Butterscotch is one of my favorite flavors, and I think it has become a bit of a punching bag flavor because packaged butterscotch pudding (and similar butterscotch items) just don’t taste very good at all.

I’m here as an advocate for all things butterscotch, so I’m taking the time to give you the low-down on all things butterscotch.

I hope you find this post useful. And if you’re already a butterscotch fan, I invite you to check out my entire butterscotch recipes category.

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A glass filled with butterscotch mousse and a spoonful of mousse.

What You’ll Learn in This Post
✅What is butterscotch
✅What butterscotch tastes like
✅Old-fashioned/traditional butterscotch vs modern butterscotch
✅How to make butterscotch
✅What to do with it once you’ve made it

Related Reading
The Difference Between Butterscotch and Caramel


Butterscotch gets a bad rap. Everyone is all “Oooh, caramel!” and “Oh, I just had some lovely salted caramel.” and “Yes, each caramel has exactly three flakes of salt from Tatooine balanced atop it. Magical!”

But try talking butterscotch to these folks, and Noses turn Up. They say things like this:

  • “It’s too sweet.”
  • “It tastes like chemicals”
  • “It’s a weird color. What is up with that?”

I submit to you that these butterscotch naysayers just haven’t had good butterscotch.

As a matter of fact, most of the store-bought products labeled as “butterscotch flavored” don’t even contain the two main components of the flavor at all. (Spoiler alert: brown sugar and butter)


A close up of a tin lined with red-and-white striped tissue paper and waxe paper with pieces of salt-dusted butterscotch candy in it.

Butterscotch is rich, complex, buttery, and a bit smoky. It should be a little bit salty and not super sweet.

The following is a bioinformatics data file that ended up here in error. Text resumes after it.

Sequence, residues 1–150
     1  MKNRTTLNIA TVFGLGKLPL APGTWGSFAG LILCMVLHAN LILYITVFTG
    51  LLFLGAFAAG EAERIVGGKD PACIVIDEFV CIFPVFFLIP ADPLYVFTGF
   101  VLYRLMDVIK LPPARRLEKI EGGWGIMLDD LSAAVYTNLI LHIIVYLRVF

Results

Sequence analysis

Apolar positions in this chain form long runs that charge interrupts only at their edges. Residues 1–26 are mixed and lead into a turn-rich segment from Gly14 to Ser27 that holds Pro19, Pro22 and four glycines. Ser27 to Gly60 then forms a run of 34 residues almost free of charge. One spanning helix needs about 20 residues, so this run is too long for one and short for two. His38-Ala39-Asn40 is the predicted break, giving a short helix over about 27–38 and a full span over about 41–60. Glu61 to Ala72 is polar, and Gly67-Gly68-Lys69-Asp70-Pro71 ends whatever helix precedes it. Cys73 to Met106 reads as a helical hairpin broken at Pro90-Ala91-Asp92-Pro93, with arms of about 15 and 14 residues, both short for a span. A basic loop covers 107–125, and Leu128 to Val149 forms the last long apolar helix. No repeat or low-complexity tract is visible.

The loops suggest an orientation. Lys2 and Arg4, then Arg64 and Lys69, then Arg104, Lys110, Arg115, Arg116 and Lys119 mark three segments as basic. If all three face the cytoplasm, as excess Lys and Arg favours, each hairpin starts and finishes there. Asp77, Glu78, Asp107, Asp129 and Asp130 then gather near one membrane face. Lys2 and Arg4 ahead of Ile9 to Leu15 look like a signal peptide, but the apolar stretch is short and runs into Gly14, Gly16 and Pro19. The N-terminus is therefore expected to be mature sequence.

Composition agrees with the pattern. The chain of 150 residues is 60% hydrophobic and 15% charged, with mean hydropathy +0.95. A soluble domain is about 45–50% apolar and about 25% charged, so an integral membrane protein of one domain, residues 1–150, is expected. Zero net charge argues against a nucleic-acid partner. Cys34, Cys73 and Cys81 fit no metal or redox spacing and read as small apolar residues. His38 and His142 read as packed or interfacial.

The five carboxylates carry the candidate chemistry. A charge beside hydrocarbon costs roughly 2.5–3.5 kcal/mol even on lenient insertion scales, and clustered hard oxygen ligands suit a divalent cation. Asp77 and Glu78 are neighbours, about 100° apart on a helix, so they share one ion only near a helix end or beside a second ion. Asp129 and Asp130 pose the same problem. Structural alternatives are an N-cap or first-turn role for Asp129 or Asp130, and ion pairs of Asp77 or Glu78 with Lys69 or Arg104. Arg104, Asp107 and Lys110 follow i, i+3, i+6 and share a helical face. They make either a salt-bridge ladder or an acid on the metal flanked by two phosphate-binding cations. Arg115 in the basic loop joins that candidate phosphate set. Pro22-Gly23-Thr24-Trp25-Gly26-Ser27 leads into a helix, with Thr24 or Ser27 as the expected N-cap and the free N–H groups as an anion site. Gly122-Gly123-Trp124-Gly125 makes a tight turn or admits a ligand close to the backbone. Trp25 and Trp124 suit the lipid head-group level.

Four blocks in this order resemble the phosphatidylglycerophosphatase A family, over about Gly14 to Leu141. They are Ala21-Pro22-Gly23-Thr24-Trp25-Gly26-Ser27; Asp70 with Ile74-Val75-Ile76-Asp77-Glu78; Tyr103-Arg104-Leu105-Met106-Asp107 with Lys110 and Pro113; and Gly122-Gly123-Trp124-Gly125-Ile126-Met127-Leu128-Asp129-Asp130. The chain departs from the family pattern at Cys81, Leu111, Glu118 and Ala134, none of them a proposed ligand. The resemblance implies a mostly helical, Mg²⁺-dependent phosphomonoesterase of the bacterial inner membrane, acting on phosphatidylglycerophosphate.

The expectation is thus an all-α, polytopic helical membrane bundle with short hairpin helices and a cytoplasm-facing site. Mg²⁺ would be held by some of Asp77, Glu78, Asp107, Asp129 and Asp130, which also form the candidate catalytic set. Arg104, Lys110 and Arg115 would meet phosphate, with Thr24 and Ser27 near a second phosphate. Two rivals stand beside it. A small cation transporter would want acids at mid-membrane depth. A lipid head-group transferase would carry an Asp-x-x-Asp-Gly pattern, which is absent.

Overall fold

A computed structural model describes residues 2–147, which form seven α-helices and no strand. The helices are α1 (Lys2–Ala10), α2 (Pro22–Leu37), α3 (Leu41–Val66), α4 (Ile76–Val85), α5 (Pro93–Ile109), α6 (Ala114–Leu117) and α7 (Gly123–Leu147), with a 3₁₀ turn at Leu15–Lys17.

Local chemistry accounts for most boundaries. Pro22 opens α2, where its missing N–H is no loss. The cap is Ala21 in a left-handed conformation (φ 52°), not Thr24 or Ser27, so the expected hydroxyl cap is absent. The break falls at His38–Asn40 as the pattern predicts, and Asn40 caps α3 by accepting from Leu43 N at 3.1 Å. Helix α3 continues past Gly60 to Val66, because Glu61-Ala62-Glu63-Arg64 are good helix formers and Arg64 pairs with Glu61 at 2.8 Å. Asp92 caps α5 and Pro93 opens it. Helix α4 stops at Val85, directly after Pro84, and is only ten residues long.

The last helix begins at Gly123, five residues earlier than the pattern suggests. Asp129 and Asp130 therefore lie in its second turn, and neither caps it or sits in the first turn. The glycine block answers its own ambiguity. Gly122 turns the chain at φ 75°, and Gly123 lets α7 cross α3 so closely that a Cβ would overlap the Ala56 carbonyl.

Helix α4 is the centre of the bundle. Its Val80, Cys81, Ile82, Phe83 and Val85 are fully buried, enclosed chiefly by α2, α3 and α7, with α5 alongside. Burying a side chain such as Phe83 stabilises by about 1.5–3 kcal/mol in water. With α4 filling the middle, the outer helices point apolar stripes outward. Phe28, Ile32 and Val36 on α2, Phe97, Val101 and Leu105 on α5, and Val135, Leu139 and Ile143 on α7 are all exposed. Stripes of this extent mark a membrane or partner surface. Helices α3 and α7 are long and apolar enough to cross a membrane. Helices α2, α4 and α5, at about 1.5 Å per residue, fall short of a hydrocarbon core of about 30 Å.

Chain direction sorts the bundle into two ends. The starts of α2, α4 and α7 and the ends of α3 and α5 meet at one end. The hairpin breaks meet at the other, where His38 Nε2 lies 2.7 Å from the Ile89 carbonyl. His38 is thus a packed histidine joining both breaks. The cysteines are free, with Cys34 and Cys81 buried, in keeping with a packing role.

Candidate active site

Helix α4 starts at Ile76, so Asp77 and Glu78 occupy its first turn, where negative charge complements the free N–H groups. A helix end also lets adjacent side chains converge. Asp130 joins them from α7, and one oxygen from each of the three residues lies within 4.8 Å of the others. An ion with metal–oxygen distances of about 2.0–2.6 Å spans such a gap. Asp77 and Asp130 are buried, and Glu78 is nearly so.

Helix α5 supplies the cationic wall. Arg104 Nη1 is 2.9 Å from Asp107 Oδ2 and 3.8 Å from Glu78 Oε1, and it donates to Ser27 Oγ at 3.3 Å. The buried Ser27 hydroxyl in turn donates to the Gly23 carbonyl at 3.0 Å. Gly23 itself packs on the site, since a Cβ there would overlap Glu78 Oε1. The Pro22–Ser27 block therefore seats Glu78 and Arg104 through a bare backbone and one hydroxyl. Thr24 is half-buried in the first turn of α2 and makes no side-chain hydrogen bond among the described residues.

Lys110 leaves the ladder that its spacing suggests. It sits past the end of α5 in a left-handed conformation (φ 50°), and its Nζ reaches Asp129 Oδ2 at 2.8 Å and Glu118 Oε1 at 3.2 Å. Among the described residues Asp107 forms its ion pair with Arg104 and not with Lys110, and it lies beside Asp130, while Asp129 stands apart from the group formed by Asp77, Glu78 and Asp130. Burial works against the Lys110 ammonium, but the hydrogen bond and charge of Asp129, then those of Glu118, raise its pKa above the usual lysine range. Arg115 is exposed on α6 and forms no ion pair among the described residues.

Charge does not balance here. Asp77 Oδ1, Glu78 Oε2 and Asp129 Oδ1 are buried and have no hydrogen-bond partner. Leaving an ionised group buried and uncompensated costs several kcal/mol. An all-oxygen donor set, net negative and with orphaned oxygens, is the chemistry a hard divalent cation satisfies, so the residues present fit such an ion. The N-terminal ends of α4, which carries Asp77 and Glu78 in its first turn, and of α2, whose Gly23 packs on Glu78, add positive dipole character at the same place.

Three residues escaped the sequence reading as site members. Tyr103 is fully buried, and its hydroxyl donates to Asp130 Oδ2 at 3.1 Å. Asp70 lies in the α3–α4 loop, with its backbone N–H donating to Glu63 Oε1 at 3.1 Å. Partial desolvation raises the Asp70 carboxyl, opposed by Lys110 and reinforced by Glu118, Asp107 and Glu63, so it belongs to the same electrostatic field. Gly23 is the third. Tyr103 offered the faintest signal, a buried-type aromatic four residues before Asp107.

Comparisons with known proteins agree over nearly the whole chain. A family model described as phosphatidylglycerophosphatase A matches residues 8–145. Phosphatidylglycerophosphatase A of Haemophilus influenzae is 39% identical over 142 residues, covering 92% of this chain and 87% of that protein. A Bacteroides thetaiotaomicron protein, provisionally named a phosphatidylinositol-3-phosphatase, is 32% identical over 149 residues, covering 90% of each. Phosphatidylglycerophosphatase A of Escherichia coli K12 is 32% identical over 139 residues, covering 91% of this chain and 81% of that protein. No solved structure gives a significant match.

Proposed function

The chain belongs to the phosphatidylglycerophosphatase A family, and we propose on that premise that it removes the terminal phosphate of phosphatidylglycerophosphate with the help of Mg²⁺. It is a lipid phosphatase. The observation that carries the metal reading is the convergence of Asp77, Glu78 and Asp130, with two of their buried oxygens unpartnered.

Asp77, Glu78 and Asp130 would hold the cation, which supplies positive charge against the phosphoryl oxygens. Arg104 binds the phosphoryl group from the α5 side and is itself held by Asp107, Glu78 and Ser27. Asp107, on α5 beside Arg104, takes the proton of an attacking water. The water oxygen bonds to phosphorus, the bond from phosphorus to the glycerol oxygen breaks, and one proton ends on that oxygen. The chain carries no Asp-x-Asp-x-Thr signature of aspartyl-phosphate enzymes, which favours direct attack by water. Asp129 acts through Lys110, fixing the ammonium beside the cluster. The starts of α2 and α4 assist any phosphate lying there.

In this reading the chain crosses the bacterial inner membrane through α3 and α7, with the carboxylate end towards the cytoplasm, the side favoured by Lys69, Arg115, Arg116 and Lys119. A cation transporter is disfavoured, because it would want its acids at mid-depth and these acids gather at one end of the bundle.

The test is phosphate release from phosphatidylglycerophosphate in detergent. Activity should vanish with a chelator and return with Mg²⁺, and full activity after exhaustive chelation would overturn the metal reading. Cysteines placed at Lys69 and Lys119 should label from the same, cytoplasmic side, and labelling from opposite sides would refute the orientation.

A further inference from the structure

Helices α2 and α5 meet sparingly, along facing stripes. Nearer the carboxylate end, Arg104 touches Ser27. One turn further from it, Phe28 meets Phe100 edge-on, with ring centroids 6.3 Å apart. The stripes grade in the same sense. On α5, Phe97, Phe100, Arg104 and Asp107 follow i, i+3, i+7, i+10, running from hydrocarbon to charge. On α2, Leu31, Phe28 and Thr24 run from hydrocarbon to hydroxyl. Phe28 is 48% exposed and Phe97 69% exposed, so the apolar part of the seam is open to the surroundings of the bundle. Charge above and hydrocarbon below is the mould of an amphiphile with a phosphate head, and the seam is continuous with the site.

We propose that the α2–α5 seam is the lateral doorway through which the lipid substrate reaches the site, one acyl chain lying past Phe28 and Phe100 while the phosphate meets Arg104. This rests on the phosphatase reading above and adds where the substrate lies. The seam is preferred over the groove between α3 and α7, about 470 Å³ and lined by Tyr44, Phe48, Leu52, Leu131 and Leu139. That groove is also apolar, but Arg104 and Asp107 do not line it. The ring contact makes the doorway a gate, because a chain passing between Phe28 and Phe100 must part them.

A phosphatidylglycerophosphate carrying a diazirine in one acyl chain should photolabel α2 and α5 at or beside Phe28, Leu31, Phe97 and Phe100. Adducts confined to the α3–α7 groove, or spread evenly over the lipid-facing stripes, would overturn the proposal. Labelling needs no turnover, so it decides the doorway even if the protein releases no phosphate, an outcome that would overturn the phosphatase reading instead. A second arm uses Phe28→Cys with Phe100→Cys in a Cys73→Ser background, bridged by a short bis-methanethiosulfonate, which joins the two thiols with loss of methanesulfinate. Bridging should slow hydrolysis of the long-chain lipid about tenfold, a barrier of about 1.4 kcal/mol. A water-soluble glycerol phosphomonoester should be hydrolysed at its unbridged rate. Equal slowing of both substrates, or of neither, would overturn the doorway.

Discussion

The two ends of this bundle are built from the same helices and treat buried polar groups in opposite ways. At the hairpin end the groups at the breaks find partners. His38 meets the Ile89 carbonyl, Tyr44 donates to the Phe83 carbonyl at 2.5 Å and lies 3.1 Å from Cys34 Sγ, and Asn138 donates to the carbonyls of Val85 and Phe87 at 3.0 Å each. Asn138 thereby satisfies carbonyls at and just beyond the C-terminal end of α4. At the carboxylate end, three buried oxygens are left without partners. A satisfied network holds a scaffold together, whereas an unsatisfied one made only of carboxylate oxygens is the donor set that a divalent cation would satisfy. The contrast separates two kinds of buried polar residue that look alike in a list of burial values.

Butterscotch tastes like the best crunchy toffee you’ve ever had, minus the nuts.

The disctinctive flavor comes from the perfect marriage of caramelized sugar, browned butter, and a hint of molasses.

In other words:

butter + salt + sugar + molasses + heat = butterscotch

Why salt? Back when butterscotch first came on the scene (see my recipe for authentic butterscotch candy), almost all butter was salted to allow for longer storage.

How much salt? Kind of a lot. And old school butterscotch contained equal parts of sugar and butter plus 1/4 part, by weight, of treacle or molasses.

Lots of butter means lots of salt, so salt is really an integral part of the flavor profile. Not enough salt, and your butterscotch ends up tasting too sweet and not with nearly as deep and complex a flavor.


Butterscotch is a flavor, so there aren’t really any other flavors of butterscotch. It’s not like lollipops where you could have cherry lollipops, grape lollipops, or lime lollipops.

You can have flavored butterscotch, as with my coffee butterscotch sauce, but butterscotch was originally a candy. The flavor of this candy was so great, folks started to use it as a flavoring in other desserts like cakes, custards, etc.


A single serving of butterscotch pudding in a blue scalloped pottery bowl with a silver spoon ready for eating.

Looking at the proportions of ingredients for original butterscotch, which was a hard candy before it was a flavor used in other desserts, there is a relatively large amount of molasses in it. 25% of the weight of the sugar and butter, to be exact.

According to How Stuff Works in their post on making homemade brown sugar, dark brown sugar these days contains 6.5% molasses.